Emergency medicine in Ayurveda

From Charak Samhita
Jump to navigation Jump to search


Principles of Diagnosis and Management of medical emergencies in Ayurveda

(This article is based on a lecture delivered by Dr. Upendra Dixit, Chief consultant, Dixit Ayurveda, Goa, India., in Prof.M.S.Baghel Memorial Lecture Series on October 09, 2021.)

Contributors
Section/Chapter/topic Concepts and Contemporary Practices -Nidana Chikitsa /Emergency medicine
Author Dixit U.1
Reviewers Basisht G.2
Editors Deole Y.S.2,Basisht G.2
Affiliations

1Chief consultant, Dixit Ayurveda, Goa, India.

2Charak Samhita Research, Training and Development Centre, I.T.& R.A., Jamnagar, Gujarat, India
Correspondence email: carakasamhita@gmail.com
Date of first publication: December 10, 2021
DOI Under process

The Atharvaveda quotes assurance statements by the sages to the person on the death bed.

“Do not fear. You won’t die. We will save your life. “[Atharva veda 5.30.8]

Ashtanga Hridaya quotes, Ayurveda can save the life of a person from the noose of death by using various measures. [A.Hr.Uttara tantra 44/74][1]

It shows that medical emergency measures were handled successfully in ancient times to save human lives. Though no science can completely assure to prevent death, the physician has to try to save a life until the last breath. The physician is required to study the management of medical emergencies to find better, safe, and cost-effective healthcare solutions to save lives.

References of emergency conditions in Ayurveda texts

The word ‘atyaya’ is used to denote destruction or death. [Chakrapani, Cha.Sa. Sharira Sthana 1/50] [Dlahana, Su.Da. Sharira Sthana 10/19-20].[2] The word ‘atyayika’ denotes the quickest possible treatment done to protect life without any delay. [Dallhana, Su.Sa. Sharira Sthana. 8/5][2] [Hemadri A.Hr.Sutra Sthana 2/33][1] Therefore, the medicines to be used in medical emergencies shall be ready with the physician for first aid emergency treatment, even if the patient is to be referred to higher critical care centers.

The word niratyaya explains how diet, various activities, and treatments can be performed in such a safe way that complications leading to severe consequences and emergencies can be prevented.

Medical emergencies

American college of emergency physicians has listed 1733 emergency conditions.[3] It shows the scope of emergencies occurring in various medical fields. From this, we can understand that emergency medicine is a vast field. Ayurveda has a lot of potential to contribute to medical emergencies. However, it is not much explored in the current practices of Ayurveda. Although a few Ayurveda consultants are working in this field. Recently AVP research foundation, Coimbatore has undertaken a project on Ayurvedic emergency medicine. Not much literature is available to study the subject of management of emergency conditions through Ayurveda. A series of articles entitled ‘Basic principles of emergency treatment of Ayurveda’, published in AYU Journal written by Vaidya Mhaiskar V.B.[4] is one of the best sources to learn this topic. Ayurveda especially Brihat Trayi (texts termed as a great triad) provides lot of references regarding emergency conditions and their treatment. Here are a few examples:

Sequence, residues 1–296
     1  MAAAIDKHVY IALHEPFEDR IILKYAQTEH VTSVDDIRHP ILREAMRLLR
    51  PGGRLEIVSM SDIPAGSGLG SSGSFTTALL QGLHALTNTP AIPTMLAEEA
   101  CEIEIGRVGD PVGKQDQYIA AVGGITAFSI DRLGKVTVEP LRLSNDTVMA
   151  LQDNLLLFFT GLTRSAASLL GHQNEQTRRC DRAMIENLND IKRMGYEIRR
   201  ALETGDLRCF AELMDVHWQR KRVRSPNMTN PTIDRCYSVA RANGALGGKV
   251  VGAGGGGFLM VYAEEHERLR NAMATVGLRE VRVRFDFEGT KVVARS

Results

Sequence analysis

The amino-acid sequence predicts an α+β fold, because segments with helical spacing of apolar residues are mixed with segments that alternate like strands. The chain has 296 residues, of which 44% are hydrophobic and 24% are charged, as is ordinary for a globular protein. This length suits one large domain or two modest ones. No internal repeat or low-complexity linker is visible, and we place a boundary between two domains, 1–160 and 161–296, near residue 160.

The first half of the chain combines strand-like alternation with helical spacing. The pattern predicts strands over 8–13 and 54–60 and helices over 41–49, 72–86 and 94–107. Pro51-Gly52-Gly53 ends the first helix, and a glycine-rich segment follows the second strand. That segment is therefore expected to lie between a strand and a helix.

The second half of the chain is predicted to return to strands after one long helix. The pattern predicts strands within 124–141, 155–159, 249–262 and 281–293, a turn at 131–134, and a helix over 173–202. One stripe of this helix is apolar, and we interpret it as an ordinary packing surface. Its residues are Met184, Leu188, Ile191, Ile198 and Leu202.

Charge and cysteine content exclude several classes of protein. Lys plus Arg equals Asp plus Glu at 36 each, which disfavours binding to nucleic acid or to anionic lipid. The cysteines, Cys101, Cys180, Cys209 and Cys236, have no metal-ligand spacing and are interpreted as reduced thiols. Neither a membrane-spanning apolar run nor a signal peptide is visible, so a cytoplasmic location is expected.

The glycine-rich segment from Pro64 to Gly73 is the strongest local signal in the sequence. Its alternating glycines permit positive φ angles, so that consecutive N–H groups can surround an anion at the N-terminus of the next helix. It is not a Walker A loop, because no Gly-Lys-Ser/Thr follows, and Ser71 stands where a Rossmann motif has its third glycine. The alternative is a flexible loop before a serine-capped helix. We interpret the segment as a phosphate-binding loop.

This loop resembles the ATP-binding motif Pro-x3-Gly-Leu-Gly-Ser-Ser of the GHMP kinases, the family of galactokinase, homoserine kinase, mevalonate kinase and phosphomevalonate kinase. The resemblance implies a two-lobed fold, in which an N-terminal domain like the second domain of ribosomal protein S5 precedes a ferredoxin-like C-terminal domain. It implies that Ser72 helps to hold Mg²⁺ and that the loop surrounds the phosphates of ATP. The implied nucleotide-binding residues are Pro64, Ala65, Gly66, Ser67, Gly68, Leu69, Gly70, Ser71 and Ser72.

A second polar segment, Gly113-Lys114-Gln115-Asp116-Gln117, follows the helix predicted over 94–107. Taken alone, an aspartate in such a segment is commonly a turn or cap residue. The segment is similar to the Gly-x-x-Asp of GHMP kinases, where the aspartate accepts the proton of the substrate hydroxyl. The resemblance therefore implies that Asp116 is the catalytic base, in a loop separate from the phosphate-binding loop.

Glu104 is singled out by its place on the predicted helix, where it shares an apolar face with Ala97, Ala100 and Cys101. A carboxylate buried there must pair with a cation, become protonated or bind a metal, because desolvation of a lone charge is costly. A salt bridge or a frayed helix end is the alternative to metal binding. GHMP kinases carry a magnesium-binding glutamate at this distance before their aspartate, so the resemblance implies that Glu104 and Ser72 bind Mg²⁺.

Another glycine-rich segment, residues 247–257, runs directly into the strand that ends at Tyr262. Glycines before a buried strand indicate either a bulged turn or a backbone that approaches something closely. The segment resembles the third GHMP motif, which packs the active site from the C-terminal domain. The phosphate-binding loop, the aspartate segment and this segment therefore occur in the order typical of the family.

The condition of Vata dominant prameha (obstinate urinary disorders including diabetes) is incurable and has potential of causing emergency conditions. [Cha.Sa. Nidana Sthana 4/38]

The pitta dominant gulma should be treated as an emergency condition. [Cha.Sa.Chikitsa Sthana 5/114]

The cough (kasa) due to chest injury shall be treated as an emergency condition. [Cha.Sa. Chikitsa Sthana 8/134]

The erysipelas (visarpa) due to vitiation of all dosha is considered as an emergency condition. [Cha.Sa.Chikitsa Sthana 21/41]

The physician shall treat weak patients with utmost care to prevent complications. [Cha.Sa. Vimana Sthana 8/94]

In an emergency condition, one should administer the purification therapies (shodhana) with great care. [Cha.Sa.Vimana Sthana 8/127]

For understanding emergency treatment , all such references need to be compiled and thoroughly studied. The author has made efforts in this regard.

Causative factors of emergency or life-threatening condition

From all textual references, it can be understood that certain factors cause most emergencies. They are as below:

  • Marma (vital organs)
  • Oja (immunity and essence of body tissues)
  • Udaka (fluid)
  • Pranavaha Srotasa (respiratory system transporting vital air)
  • Agni (digestion and metabolism)
  • Dhatu gata avastha (state of the affliction of tissues)
  • Shulopahatava ( Pain threshold or severity)
  • Upadrava jushtata (comorbid conditions or complications of various diseases)
  • Janapadodhwasa (epidemics and pandemic conditions)

Concept of prana in Ayurveda

The term prana is used for the vitality of life or life force. It is essential to understand the concept of prana and its importance in life-threatening emergency conditions.There are twelve sites of vitality (prana). Ayurvedic texts use the word ‘Prana’ as a synonym for certain body constituents. Prana is also used as a prefix to the names of certain body constituents.This indicates these body constituents are most vital, for saving a life. Agni, Soma, Vayu, Sattva, Rajas, Tamas, Atma and Pancha mahabhuta.[Su.Sa.Sharira Sthana 4/3][2]

The two temples, the three vital organs, the throat, rakta dhatu (blood), shukra dhatu (reproductive tissue), oja (the vital essence), and the anus are ten sites of life forces (prana).[Cha.Sa.Sutra Sthana 29/3]

Prana vayu is one of the five types of Vata dosha[Cha.Sa. Chikitsa Sthana 28/234].Food (anna)[Cha.Sa.Chikitsa Sthana24/60], water (udaka)[A.S.Sutra Sthana.6.11][5] and strength or immunity (balam) are factors influencing vitality[Dalhana, on Su.Sa.Sutra Sthana 17/13].[2]